Photo credit: Leigh Trusler
By Jim Morris
Coaches have different philosophies about the best way to grow and nurture an athlete’s skill so they can accomplish their goals.
Some are successful and other fail.
Tina Hoeben has been a swim coach for 20 years. She believes developing a strong relationship with a swimmer is the first step toward producing a champion.
“I think to an outsider it appears coaching is a lot about technique and planning the training,” said Hoeben, head coach at the KISU Swim Club in Penticton, B.C. “I believe that the relationship between a swimmer and coach is really important and possibility even bigger than the technique and training.
“The better the relationship between a coach and a swimmer, and the more honest and genuine that is, that only transfers to how well the technique is applied and how hard the swimmer works during training sessions.”
Located in a city of about 34,000, the KISU Club has a membership of about 200, with 90 competitive swimmers.
“Tina has done a great job developing her club into the top performing age group program in B.C., despite being a smaller program,” said Iain McDonald, Swimming Canada’s Senior Manager, NextGen High Performance Pathway.
“In the last four years her swimmers have produced 19 On Track events, including eight in 2019.”
Several swimmers from KISU are currently competing on varsity programs across the country. This summer, KISU swimmers Ashley McMillan and Tyler Wall were part of the Swimming Canada team that competed at the FINA World Junior Swimming Championships in Budapest, Jaren Lafrance swam at the Universiade in Naples, Italy, and Jacob Brayshaw made the team for the Parapan Games in Lima, Peru.
For Hoeben, being a coach isn’t a static profession. It’s a constant search for knowledge and innovative ideas.
“My progress in the last several years has definitely been accelerated by my thirst for education and quest to become a better coach by being open to other ideas,” she said. “Not thinking I have the right answer to everything, and possibly there is more than one right answer in a lot of situations.”
Earlier this month Hoeben attended the American Swimming Coaches Association world clinic in Dallas, Texas. She was one of 10 coaches from seven provinces chosen to this year’s Swimming Canada Select Coaches Group.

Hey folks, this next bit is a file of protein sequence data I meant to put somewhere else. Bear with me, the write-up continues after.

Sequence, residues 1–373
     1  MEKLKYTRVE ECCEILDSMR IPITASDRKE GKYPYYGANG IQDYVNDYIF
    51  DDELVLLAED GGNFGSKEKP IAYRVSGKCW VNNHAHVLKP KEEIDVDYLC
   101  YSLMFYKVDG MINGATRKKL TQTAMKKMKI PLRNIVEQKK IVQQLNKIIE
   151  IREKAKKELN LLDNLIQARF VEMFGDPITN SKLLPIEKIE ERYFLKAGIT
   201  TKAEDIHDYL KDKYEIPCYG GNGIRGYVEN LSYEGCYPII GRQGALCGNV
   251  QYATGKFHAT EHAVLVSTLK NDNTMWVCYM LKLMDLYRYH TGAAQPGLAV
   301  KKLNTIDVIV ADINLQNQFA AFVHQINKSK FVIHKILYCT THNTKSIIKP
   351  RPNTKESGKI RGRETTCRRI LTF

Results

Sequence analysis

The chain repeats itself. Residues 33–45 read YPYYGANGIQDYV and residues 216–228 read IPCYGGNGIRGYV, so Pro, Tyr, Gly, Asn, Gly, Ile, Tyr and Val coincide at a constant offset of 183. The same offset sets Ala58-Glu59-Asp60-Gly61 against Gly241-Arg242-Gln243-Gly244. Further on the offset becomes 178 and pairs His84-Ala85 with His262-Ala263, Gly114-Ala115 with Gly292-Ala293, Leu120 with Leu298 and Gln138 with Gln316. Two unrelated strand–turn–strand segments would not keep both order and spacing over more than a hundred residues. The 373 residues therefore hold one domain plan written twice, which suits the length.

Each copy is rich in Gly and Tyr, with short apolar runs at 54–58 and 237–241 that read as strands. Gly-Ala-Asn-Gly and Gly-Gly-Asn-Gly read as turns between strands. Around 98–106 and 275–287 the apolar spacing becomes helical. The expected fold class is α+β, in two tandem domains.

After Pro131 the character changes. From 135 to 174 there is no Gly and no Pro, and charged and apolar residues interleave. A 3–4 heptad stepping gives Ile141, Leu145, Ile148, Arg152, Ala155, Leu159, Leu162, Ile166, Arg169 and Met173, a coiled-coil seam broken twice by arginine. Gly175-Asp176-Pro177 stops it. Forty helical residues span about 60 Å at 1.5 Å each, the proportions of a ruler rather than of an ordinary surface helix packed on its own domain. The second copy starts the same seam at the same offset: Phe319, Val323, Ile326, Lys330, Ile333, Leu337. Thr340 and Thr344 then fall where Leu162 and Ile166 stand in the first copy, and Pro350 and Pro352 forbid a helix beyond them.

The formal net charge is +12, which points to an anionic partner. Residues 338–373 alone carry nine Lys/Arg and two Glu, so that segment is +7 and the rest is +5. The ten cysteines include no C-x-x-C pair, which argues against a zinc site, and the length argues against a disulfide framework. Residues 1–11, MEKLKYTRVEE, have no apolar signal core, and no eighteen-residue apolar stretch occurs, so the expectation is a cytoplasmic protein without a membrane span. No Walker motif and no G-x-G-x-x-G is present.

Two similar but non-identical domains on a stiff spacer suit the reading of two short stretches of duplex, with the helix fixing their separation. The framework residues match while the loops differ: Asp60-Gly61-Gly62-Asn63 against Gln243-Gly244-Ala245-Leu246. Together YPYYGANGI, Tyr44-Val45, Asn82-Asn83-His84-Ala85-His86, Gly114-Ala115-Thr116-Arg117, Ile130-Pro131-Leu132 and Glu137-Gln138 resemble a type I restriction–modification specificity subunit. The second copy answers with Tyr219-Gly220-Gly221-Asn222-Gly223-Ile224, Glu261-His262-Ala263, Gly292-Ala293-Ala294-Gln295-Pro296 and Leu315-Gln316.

The conference attracted coaches from around the world. Hoeben found the gathering informative and educational, but for her the interaction with the other Canadian coaches was particularly beneficial.
“It’s always a privilege to be selected for something like that and to be considered within the group of 10 coaches,” she said. “I like going to conferences for that educational part, but it was equally important to have that time with the Swimming Canada group and to just network with the coaches. Coaching in a small community you don’t get that interaction very often.”
During the conference, Swimming Canada provided dedicated speakers to the Select Coaches Group to discuss annual training plans and weekly templates.
“We had lots of discussion and education regarding making our season plans stronger,” said Hoeben.
From the overall conference, Hoeben said she gleaned “all kinds of gems” ranging from inspiring team captains to using technology. She hopes to introduce many of those ideas to her coaching staff and integrate them into the KISU program.
“My staff is very open minded and willing to try out new ideas,” she said. “They don’t always work but they are willing at least to give it a go.”
Over the last several years Hoeben has participated in several development opportunities provided by Swimming Canada.
Besides coaching at events like the 2017 FINA World Junior Championships, she’s had mentorship visits and attended workshops. She also was an apprentice coach at the 2018 Commonwealth Games in Gold Coast, Australia.
In Australia, Hoeben spent each day working with a different experienced coach, learning a variety of aspects of how the senior national team operates at a high-level meet.
It was Hoeben’s first experience at a major, multi-sport competition and she “stole a ton of ideas” she would later incorporate when taking her swimmers to meets.
“One that has stood out is just to take more time in making sure the details are taken care of for what my swimmers do when they are actually at a swim meet,” she said. “I think Swimming Canada does an excellent job of making sure the environment stays positive.”
Passing on what she has learned to her coaching staff so they can develop is important to Hoeben.
“I actually seek out professional development for them,” she said. “I really, truly believe it’s a never ending learning experience. I believe you try to share some of the knowledge I have gained with them when I go away.”
In the future, Hoeben would like to see more women in senior coaching roles.
“I would love to see more female head coaches in Canada,” she said.
“I do think women might approach things in a different way and might have different relationships with different swimmers in a different way.”
As for herself, Hoeben is in no hurry to leave her current job.
“I am quite happy where I am,” she said. “I work with teenagers who are always presenting me with different challenges. I’m certainly not bored.”